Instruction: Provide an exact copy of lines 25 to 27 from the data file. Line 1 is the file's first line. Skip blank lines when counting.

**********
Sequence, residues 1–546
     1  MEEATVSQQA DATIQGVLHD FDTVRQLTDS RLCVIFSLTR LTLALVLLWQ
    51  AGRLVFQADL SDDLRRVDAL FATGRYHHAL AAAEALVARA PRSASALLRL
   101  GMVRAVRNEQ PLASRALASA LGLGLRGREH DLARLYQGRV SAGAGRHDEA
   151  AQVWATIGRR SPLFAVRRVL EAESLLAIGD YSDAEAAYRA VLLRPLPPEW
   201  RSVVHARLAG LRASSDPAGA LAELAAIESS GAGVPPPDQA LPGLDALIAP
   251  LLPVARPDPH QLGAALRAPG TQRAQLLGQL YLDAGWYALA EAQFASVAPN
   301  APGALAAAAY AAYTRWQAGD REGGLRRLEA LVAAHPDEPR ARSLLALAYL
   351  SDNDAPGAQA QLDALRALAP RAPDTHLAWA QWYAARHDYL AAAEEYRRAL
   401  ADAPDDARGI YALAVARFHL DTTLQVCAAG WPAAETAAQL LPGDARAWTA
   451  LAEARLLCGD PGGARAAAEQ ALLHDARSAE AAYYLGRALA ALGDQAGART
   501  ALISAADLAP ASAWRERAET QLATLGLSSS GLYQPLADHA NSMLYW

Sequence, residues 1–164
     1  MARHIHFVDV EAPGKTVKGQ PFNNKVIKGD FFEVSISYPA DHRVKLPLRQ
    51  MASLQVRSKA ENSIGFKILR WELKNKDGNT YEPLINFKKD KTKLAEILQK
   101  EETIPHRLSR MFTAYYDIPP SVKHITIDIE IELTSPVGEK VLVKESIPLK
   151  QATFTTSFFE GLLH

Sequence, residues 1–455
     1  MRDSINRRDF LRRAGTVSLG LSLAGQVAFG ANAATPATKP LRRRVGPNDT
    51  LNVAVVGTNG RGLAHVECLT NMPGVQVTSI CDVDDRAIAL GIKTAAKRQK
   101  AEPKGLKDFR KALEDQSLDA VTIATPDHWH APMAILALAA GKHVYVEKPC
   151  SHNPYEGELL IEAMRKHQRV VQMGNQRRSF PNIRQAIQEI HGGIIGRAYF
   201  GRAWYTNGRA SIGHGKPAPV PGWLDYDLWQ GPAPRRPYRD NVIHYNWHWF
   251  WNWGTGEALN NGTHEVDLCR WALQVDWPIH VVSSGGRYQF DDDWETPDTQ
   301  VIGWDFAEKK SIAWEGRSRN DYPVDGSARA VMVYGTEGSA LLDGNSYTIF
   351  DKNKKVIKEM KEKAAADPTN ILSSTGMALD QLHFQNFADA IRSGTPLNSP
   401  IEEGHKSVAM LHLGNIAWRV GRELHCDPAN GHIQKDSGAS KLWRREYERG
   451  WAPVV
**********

   301  VIGWDFAEKK SIAWEGRSRN DYPVDGSARA VMVYGTEGSA LLDGNSYTIF
   351  DKNKKVIKEM KEKAAADPTN ILSSTGMALD QLHFQNFADA IRSGTPLNSP
   401  IEEGHKSVAM LHLGNIAWRV GRELHCDPAN GHIQKDSGAS KLWRREYERG